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Edible robots could soon be reality, say Swiss scientists

Wall-E doesn't need to be worried quite yet, but one day edible robots could be used to monitor the state of health from inside the body. Keystone

Completely edible robots could soon end up on our plates. A research team from Lausanne has shown which ingredients could be used for the various robot parts.

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The Swiss Federal Institute of Technology Lausanne (EPFL) announced on Friday that rubber could be replaced by gelatine, a chocolate film could protect robots in humid environments and a mixture of starch and tannins, plant-based tanning agents, could imitate commercially available adhesives.

The research was published in the journal Nature Reviews Materials.

+ Switzerland – where the robots of tomorrow are born

An edible battery also already exists: it consists of riboflavin (vitamin B2) and quercetin, a substance found in almonds and capers. The poles of the battery contain activated carbon to transport electrons. Nori algae ensure that short circuits are prevented. The battery can be operated at 0.65 volts, according to the EPFL. A voltage that is still safe if eaten. Two edible batteries connected in series can power a light-emitting diode for around ten minutes.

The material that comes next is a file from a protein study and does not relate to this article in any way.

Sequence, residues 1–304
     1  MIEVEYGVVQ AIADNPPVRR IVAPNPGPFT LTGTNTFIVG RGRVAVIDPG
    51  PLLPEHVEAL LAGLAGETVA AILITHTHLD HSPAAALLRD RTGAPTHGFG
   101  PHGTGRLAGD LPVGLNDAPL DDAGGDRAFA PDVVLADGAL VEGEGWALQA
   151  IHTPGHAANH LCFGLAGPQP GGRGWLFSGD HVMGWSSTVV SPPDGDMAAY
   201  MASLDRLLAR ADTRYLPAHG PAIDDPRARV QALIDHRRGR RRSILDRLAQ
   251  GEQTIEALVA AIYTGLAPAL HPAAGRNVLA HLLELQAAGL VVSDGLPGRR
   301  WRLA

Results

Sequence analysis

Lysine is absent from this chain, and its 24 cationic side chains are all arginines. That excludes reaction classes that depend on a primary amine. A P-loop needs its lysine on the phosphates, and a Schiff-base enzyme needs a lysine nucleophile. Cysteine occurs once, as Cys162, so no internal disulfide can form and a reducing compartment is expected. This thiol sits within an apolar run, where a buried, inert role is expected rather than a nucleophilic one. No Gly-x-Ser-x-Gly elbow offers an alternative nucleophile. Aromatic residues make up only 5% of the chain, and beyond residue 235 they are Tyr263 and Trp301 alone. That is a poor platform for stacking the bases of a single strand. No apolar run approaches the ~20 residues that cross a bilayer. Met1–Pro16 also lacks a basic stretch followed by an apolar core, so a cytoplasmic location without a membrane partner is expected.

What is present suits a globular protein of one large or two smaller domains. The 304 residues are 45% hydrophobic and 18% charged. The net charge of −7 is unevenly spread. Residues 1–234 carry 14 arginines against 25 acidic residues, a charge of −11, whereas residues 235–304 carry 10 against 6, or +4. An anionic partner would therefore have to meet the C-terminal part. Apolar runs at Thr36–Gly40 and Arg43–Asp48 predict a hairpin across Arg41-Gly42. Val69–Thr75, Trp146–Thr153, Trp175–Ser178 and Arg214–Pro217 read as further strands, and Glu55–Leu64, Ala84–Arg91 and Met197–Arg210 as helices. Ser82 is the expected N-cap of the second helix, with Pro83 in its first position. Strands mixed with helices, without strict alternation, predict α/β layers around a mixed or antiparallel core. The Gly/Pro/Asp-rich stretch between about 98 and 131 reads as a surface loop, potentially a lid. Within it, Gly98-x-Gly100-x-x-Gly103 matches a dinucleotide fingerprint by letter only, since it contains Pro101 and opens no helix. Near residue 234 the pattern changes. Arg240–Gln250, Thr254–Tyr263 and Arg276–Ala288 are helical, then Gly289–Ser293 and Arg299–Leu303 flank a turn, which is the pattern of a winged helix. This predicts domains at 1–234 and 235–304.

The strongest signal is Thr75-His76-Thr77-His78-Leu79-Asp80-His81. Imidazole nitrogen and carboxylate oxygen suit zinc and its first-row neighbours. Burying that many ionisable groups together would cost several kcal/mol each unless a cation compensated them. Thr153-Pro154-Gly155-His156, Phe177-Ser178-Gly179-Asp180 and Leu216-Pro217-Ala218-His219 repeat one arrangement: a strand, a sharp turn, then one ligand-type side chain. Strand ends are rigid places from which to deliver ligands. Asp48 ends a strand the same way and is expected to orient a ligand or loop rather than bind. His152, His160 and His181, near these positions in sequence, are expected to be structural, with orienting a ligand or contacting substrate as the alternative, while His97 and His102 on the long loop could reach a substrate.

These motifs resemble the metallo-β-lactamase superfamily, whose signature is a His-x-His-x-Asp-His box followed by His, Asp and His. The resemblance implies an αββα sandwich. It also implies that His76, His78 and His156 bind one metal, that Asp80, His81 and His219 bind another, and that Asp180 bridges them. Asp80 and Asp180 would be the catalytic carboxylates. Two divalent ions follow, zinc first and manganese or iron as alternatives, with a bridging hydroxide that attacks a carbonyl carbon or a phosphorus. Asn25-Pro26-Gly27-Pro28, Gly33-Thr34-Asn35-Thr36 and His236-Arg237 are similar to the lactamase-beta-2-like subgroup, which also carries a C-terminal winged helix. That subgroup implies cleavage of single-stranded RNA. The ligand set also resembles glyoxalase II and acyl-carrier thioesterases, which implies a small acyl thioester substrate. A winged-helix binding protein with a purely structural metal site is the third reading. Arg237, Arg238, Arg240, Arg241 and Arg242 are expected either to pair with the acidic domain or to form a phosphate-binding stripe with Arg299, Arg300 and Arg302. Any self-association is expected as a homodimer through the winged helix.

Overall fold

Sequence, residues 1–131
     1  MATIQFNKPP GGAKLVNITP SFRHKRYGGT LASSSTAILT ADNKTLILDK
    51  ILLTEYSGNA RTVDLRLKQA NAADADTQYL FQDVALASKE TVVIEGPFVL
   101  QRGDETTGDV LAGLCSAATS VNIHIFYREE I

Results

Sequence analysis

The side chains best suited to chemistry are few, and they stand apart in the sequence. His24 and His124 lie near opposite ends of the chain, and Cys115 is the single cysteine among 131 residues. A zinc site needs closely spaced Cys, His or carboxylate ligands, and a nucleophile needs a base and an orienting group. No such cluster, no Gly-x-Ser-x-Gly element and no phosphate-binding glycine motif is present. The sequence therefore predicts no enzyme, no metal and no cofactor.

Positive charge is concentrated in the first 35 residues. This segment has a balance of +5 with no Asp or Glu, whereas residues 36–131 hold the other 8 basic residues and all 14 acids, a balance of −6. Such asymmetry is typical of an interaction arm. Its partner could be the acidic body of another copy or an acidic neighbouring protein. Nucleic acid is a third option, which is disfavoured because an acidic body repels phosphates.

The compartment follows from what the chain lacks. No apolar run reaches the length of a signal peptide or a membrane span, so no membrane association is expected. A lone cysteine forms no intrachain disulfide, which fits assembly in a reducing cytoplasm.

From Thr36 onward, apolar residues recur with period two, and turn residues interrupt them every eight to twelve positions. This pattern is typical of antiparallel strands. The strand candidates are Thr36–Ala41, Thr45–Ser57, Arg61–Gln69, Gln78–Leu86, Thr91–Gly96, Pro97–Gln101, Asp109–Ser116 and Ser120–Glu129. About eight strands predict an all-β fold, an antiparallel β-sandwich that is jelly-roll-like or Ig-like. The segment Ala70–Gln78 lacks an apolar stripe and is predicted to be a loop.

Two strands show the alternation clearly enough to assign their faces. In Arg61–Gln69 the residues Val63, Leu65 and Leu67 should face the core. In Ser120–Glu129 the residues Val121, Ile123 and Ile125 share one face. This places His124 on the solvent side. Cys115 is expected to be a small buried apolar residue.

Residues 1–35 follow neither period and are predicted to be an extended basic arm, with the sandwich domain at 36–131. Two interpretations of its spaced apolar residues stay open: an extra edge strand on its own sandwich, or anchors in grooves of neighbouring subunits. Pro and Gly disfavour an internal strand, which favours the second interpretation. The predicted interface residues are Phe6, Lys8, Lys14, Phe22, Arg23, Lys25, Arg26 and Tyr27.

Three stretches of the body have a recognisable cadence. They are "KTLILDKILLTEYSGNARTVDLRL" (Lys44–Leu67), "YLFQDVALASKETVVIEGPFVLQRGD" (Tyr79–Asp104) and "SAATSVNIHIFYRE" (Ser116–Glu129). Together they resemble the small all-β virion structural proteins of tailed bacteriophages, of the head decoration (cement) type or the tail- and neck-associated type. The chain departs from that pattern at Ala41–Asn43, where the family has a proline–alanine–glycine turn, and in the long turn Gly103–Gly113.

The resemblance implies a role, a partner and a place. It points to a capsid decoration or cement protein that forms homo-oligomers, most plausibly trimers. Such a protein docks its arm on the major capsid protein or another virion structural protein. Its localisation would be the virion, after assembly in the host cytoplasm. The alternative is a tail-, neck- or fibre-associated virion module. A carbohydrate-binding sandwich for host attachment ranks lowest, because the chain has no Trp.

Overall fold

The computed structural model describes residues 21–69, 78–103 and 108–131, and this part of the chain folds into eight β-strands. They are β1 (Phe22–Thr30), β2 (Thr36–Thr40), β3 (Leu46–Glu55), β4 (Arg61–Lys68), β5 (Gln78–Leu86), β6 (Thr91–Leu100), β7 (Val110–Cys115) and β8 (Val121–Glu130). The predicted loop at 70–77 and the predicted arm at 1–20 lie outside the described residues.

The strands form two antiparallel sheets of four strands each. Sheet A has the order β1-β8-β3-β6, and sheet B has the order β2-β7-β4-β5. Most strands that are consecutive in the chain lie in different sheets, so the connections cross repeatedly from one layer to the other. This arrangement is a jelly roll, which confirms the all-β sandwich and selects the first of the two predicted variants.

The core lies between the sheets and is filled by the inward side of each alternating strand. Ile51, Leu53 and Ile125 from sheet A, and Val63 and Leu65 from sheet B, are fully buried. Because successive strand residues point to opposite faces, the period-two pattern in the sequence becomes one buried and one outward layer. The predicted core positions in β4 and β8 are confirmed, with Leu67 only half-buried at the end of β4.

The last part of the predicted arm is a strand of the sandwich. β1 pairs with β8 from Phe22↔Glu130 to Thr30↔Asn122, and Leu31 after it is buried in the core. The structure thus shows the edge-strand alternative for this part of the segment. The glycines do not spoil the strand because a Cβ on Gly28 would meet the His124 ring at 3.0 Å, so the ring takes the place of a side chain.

For other parts of a robot, however, the right ingredients are still missing. According to the EPFL researchers, it is difficult to produce completely edible electronics that use transistors and process information. Another major challenge is the connection of different parts.

Edible robots could, for example, be used to monitor the state of health from inside the body, autonomously deliver targeted food in emergency situations or vaccinate wild animals, the researchers noted in the journal.

Translated from German by DeepL/ts

This news story has been written and carefully fact-checked by an external editorial team. At SWI we select the most relevant news for an international audience and use automatic translation tools such as DeepL to translate it into English. Providing you with automatically translated news gives us the time to write more in-depth articles.

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